BOB GARFIELD: During our everlasting election cycle there's a sort of Washington gavotte that is performed in front of us in major magazines and on the Sunday chat shows where certain politicians are anointed as the next great presidential hopeful. The latest example of this is Democratic North Carolina Senator John Edwards.
BROOKE GLADSTONE:Or so contends National Journal writer William Powers. He describes a multi-step process whereby potential candidates are discovered, celebrated, anointed and sometimes squashed only to rise again. In fact he says it's exactly how the Hollywood media treat aspiring starlets. Powers calls it "the Hollywood-Washington Paradigm." Welcome to OTM.
WILLIAM POWERS: Thank you. Nice to be here.
BROOKE GLADSTONE: So let's get to this paradigm. What are those stages?
WILLIAM POWERS: Well I'll go through them quickly, Brooke. The first is this sort of getting-to-know-you stage where the politician, as a movie star would, makes scattered appearances in the magazines. People Magazine, some of the TV shows, the Today Show, that kind of thing. And the second stage is what I call the runup which is where the person is the subject of a major profile -- sort of a life story that preferably is quite moving and heartfelt. And that happened for John Edwards in the Washington Post. The third stage is what I call validation where a magazine that is involved in sort of really crowning a person as the frontrunner or a superstar does the piece that says here is the person you need to pay attention to. In this case, interestingly, Vanity Fair which is the chief anointer of movie stars also did the job on John Edwards with a valentine that said here's the next great Democrat.
BROOKE GLADSTONE: And that valentine was penned of all people by Christopher Hitchens [sp?] -- not known for writing love notes.
WILLIAM POWERS:No. Exactly. And that made it all the more noteworthy that Christopher Hitchens, this very tough Washington journalist, took a real shine to this politician.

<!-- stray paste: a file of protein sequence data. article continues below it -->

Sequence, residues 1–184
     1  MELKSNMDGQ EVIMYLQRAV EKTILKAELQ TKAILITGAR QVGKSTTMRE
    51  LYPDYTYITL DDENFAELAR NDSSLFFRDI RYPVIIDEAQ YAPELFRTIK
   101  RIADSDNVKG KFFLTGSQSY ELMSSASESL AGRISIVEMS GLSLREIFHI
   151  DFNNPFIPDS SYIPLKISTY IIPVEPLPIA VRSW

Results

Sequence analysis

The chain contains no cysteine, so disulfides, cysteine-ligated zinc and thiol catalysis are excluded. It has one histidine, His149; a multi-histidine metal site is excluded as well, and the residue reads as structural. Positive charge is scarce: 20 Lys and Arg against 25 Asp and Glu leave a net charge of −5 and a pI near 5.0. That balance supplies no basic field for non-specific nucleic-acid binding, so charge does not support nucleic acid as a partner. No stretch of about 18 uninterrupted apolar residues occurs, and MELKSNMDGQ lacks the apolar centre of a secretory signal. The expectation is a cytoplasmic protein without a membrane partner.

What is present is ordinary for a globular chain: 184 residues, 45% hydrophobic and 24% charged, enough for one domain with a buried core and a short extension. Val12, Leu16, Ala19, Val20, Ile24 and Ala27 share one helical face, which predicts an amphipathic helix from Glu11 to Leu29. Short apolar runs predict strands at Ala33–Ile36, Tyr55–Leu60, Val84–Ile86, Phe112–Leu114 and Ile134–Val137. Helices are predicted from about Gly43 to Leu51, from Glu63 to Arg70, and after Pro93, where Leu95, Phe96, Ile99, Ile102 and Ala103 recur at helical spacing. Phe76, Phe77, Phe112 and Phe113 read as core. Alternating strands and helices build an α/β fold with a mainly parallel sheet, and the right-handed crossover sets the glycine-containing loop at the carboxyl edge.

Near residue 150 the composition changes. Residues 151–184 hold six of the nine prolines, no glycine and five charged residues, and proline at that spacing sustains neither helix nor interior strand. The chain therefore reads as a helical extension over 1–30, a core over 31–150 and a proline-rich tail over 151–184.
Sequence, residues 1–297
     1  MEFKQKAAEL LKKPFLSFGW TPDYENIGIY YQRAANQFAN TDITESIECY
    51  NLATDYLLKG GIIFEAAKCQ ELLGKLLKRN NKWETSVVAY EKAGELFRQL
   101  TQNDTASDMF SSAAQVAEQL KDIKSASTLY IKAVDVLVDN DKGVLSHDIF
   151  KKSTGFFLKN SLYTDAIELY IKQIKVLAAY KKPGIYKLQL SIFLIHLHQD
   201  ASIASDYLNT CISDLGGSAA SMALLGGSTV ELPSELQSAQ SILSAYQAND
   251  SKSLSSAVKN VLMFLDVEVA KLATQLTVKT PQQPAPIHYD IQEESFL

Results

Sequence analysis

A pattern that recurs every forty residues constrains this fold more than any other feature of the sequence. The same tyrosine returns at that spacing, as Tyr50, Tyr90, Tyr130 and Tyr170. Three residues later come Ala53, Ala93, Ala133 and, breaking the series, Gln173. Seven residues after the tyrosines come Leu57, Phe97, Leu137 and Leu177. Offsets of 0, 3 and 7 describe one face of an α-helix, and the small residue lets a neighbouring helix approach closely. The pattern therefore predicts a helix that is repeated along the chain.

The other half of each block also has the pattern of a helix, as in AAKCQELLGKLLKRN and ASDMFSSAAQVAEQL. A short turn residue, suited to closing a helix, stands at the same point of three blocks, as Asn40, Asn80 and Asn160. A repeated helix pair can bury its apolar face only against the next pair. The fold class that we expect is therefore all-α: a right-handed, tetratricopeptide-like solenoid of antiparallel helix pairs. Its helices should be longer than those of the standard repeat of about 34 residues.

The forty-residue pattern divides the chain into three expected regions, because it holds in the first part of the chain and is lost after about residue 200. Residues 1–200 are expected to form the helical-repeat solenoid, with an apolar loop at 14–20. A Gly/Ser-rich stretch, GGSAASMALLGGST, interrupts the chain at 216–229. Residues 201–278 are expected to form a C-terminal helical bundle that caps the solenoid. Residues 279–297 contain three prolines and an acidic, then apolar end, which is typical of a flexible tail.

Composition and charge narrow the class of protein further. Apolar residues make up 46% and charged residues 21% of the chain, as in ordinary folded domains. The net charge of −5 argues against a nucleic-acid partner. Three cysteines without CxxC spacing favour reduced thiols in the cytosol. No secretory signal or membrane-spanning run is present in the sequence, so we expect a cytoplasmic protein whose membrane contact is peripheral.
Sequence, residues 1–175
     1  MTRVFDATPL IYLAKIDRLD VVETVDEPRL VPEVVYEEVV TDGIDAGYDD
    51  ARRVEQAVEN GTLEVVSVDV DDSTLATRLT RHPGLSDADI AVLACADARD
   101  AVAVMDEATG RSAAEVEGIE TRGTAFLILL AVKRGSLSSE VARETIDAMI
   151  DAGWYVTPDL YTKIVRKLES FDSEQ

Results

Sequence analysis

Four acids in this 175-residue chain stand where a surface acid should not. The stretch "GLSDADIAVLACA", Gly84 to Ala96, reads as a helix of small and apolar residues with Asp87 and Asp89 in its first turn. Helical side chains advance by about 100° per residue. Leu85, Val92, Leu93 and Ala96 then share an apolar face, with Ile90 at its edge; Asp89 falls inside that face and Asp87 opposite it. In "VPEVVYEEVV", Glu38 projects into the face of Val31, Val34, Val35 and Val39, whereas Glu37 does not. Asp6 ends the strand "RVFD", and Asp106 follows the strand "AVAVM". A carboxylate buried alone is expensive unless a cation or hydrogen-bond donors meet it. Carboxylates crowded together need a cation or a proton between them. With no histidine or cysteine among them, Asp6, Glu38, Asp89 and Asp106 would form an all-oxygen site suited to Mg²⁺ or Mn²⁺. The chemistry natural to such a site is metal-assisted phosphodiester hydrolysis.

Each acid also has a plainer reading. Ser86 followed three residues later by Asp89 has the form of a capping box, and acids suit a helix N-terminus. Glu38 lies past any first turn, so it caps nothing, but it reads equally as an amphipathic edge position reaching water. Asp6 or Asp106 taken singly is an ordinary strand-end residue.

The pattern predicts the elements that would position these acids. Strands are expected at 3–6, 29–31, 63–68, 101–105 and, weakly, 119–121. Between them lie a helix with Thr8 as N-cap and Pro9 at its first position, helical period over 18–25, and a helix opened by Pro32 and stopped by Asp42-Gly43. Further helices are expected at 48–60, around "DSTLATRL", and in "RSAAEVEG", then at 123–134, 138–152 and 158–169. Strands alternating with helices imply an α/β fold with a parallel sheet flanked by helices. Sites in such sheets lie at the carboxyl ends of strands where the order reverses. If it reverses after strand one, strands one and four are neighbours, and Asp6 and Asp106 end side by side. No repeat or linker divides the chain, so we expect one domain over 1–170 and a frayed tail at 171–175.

BROOKE GLADSTONE: And then comes the think piece.
WILLIAM POWERS:Yes. Inevitably, Brooke, you have this piece that sort of attempts to put a kind of a brainy cast to this craze and this person and explains that, that we care about this person for a, a reason that's larger than we had realized which is there's some zeitgeist shift happening, and they represent it. In this case, the New Yorker magazine which is very good at doing those kinds of pieces basically pointed out here's a guy who's a personal injury lawyer who might run for president and in fact we're in an age of what you might call a courtroom-style politics of anecdote where the nation might be ready for that kind of a candidate because we live in those times.
BROOKE GLADSTONE: Now the next stage is what you call the meta-piece.
WILLIAM POWERS:The meta-piece is the piece where the journalist steps back and says -- whoa -there's been a lot of kind of attention to this person. I'm going to be sort of two notches smarter than everybody else and write about the scene and the attention and make -try and make sense of that. So a movie journalist might go to Sundance and write about the whole crazy scene of moviemakers trying to get famous at that festival. In this case, U.S. News -- I pointed to a piece by Roger Simon in which he went to New Hampshire recently -- followed Edwards around and sort of made fun of the scene around Edwards.